The former private-equity owner of Comet, the liquidated electricals chain, has walked away with at least £54m while the taxman and suppliers are still waiting for their money.
OpCapita, run by Henry Jackson, bought Comet from Kesa for a token £2 in February 2012 but it went into administration nine months later with the loss of 7,000 jobs.
Now it has been revealed that Hailey Acquisitions Limited, the vehicle used by OpCapita and its backers for the deal, has been paid £54m by the administrators Deloitte following the sale of stock and equipment at Comet.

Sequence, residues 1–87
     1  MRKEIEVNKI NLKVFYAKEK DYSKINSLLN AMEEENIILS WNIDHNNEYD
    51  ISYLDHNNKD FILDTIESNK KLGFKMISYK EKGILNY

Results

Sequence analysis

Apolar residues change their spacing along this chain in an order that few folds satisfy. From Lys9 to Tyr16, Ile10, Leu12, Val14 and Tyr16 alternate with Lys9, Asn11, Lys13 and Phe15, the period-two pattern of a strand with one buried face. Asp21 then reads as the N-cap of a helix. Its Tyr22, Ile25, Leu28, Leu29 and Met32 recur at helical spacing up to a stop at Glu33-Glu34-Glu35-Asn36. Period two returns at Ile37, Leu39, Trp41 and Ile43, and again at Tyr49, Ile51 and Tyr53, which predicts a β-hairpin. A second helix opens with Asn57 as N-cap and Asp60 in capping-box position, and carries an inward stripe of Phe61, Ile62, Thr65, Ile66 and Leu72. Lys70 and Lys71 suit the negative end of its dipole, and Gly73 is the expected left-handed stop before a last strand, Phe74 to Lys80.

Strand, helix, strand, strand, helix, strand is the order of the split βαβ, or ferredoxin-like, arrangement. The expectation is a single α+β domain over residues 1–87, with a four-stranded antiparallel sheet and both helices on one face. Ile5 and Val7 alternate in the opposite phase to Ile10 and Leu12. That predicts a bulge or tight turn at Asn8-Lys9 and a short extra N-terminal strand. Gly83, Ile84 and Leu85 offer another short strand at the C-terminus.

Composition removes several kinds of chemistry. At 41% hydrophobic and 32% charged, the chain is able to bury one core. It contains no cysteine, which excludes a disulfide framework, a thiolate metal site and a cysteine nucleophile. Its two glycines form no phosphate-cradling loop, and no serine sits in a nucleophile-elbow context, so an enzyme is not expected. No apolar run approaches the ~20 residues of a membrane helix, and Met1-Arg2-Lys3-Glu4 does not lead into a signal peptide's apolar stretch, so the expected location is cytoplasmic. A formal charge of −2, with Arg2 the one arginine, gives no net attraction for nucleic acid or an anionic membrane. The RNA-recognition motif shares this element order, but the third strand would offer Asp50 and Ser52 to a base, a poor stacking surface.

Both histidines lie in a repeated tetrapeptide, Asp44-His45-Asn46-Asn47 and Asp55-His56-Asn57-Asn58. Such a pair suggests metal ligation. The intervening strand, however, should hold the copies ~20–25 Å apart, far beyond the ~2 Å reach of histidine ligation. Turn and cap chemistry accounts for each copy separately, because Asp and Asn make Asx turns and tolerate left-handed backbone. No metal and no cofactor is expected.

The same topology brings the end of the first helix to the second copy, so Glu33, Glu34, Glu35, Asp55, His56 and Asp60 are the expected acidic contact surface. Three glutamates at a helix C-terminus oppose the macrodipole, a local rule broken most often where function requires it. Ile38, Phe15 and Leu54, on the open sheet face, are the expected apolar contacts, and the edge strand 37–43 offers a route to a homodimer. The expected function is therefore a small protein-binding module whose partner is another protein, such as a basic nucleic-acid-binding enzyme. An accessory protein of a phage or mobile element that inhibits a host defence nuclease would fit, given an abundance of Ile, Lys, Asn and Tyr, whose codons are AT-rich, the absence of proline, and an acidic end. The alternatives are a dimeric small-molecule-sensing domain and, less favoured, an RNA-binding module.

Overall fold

Hailey could be in line for further payouts because it is the main secured creditor to Comet having taken on its debt from Kesa.
The administrators have a further £29m of cash to distribute, much of which could go to Hailey.
By contrast unsecured creditors to Comet, who are owed £232m, have been warned to expect payouts of less than 1p in the pound.
Hailey also controls Comet's profitable warranties business Triptych and is reportedly in talks to buy up £27m worth of Comet losses, which it could use to offset against other profitable activities.
The Business, Innovation and Skills Department, under Vince Cable, is investigating the collapse of Comet, where the Government ended up with a £50m bill for unpaid taxes and redundancy payments.